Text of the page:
Preliminary Studies On Tilapia Mossambica Peters Relative To Experimental Pond Culture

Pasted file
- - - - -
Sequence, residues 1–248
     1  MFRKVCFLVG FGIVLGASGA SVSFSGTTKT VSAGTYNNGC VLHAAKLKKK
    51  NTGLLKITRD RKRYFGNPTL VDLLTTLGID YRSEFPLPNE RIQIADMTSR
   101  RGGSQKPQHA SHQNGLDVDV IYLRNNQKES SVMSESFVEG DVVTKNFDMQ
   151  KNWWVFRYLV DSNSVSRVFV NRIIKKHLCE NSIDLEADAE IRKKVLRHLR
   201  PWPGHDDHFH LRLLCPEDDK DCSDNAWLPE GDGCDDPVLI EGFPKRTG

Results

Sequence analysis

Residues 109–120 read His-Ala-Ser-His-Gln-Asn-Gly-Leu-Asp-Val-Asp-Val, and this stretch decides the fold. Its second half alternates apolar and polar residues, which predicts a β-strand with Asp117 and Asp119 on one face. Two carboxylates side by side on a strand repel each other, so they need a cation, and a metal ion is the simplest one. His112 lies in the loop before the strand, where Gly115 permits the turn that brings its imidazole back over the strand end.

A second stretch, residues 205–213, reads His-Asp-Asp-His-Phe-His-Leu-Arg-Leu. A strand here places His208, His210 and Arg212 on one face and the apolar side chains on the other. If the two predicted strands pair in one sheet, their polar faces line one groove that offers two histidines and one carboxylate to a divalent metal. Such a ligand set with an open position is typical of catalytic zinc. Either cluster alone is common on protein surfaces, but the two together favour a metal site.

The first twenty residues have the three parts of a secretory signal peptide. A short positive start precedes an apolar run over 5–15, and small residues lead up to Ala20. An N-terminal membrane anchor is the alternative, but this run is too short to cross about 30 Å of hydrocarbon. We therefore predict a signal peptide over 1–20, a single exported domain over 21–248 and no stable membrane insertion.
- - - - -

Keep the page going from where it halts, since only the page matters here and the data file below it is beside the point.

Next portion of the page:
Preliminary studies were conducted on the exotic cichlid, Tilapia mossambica Peters to determine the possibilities of incorporating this fish into the farm ponds and lakes in the Southeast. In an 18-week experiment in concrete ponds, T. mossambica proved to be a more efficient fish than the bluegill, Lepomis macrochirus Raf. In feeding experiments T. mossambica gave 2.97 times greater growth than did the bluegill, in fertilization 1.69 times, and in manuring experiments 1.97 times greater growth than the bluegill. Food habit studies conducted revealed that planktonic forms of plants and animals made up the bulk of the diet under natural conditions. The minimum temperatures tolerated by T. mossambica were determined in a thermostatically controlled cold room. This fish ceased feeding at approximately 600 F., and deaths began at 52 to 5S 0 F. with 100 per cent mortality occurring at 47 to 490 F. The conclusion reached was that this fish cannot survive the winter conditions in most of the Southeast.

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